Brian Quintenz, a commissioner with the U.S. Commodity Futures Trading Commission (CFTC), has argued that the Securities and Exchange Commission (SEC) does not have authority over pure commodities such as crypto. His remarks follow SEC chair Gary Gensler’s recent assertion that most crypto assets are securities and should be covered by the SEC jurisdiction.
On August 4, Quintenz took to Twitter to clarify that pure commodities such as wheat, gold, oil, and even crypto do not fall under the SEC jurisdiction.
He shared his opinion shortly after former CFTC chair Christopher Giancarlo made similar comments on Twitter. In his tweet, Giancarlo said CFTC was the only agency that had the experience regulating markets for Bitcoin and cryptocurrencies.
The U.S. House Committee on Agriculture also showed support for Quintenz’s stance by retweeting his post. The committee’s tweet stated that crypto is “bigger than the SEC” and that congressional authorities need to “write the rules of the road to protect investors and innovation in the digital economy.”
The statements made by Quintenz and Giancarlo highlight the difficulties in developing a framework that adequately covers the emergent asset class and all its related aspects. They also outline a developing conflict between two federal agencies that are seeking to add their input to any potential ruleset.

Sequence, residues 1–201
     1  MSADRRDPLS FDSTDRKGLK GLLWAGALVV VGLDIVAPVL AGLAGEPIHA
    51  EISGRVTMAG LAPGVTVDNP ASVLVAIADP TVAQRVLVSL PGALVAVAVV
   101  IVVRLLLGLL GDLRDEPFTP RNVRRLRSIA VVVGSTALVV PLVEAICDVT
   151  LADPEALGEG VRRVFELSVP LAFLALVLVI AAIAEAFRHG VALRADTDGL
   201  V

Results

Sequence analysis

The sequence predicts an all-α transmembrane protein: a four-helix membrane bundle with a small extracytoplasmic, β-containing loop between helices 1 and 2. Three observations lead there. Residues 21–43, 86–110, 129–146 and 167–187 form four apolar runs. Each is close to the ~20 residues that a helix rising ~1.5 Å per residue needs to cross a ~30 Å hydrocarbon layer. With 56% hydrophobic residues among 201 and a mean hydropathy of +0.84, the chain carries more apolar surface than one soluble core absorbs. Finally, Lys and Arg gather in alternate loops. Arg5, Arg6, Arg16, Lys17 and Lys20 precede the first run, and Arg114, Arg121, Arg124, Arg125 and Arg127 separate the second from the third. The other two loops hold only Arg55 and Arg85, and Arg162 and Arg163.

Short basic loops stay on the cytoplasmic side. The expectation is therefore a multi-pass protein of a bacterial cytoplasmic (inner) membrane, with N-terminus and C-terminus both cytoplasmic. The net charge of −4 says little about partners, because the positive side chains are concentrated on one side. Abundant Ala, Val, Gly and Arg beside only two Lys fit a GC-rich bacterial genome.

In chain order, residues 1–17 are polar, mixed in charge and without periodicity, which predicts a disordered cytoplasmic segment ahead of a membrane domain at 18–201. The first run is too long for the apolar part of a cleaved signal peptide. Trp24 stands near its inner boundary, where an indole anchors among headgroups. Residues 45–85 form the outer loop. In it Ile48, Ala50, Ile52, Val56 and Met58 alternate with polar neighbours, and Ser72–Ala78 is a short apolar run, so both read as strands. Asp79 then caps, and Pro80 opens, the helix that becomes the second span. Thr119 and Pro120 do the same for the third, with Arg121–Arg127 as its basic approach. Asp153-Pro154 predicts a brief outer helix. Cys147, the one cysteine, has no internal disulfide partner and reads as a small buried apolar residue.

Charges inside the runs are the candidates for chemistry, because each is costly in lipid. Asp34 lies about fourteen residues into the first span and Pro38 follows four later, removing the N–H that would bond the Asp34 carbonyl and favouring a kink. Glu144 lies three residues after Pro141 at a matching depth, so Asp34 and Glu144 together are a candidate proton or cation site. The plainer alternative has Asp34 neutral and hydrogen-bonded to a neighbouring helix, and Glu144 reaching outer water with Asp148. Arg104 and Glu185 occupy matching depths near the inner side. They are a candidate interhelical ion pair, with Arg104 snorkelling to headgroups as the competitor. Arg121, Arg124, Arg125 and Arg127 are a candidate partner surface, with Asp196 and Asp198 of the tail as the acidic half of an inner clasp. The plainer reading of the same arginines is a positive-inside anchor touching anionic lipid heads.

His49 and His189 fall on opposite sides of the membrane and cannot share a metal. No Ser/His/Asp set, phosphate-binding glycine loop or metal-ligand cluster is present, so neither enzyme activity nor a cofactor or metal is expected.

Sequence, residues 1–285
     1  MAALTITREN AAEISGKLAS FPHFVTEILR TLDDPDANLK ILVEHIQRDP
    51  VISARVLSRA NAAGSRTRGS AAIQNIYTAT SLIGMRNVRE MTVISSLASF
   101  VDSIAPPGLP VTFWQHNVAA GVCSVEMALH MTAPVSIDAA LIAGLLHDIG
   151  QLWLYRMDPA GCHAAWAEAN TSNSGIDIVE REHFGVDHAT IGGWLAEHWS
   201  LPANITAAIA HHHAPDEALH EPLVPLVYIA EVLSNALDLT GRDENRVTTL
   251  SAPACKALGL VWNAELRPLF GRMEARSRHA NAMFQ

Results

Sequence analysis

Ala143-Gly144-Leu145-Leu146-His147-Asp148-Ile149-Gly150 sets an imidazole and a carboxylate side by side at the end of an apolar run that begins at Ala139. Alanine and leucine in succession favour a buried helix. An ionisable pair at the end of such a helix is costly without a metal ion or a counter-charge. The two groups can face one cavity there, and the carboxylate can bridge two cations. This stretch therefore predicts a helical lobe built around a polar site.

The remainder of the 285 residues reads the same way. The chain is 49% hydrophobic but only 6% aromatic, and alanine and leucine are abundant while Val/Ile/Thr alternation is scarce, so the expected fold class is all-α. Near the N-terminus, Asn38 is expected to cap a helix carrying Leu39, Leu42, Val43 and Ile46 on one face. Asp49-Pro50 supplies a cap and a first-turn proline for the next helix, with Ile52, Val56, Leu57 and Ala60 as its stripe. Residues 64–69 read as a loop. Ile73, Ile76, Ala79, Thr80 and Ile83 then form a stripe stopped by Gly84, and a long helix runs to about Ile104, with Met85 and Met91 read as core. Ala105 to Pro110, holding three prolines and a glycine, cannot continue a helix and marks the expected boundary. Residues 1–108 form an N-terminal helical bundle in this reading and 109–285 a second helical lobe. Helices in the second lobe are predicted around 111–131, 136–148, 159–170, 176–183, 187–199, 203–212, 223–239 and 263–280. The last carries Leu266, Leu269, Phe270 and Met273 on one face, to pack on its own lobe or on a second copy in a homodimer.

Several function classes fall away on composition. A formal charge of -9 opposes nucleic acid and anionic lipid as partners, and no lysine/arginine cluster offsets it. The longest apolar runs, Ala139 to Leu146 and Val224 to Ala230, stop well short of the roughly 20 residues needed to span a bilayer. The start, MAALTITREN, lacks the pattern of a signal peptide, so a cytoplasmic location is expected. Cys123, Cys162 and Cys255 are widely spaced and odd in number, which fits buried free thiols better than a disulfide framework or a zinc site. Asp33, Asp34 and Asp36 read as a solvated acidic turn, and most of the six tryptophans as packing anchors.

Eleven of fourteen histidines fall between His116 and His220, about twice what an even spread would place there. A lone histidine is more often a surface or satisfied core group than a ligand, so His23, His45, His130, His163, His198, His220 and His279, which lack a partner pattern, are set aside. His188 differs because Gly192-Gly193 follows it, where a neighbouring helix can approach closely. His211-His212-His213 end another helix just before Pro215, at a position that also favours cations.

Earlier this week, SEC chair Gary Gensler classified digital assets as securities, while stressing that crypto trading platforms lacked measures for investor protection. Gensler also agreed with his predecessor Jay Clayton, who suggested that all initial coin offerings must be viewed as securities.
According to The National Law Review Website, CFTC stated in 2014 that virtual currencies like Bitcoin are covered by the definition of “commodity.” A year later, the agency brought its first enforcement action against a Bitcoin trading platform, declaring that “Bitcoin and other virtual currencies are encompassed in the definition and properly defined as commodities.”
In addition to this, Judge Jack B. Weinstein of the U.S. District Court for the Eastern District of New York ruled in 2018 that virtual currencies are commodities and thereby subject to the jurisdiction of CFTC under the CEA. During the same year, a Massachusetts district court confirmed that the agency had the right to regulate digital assets, even when there were no future contracts tied to them.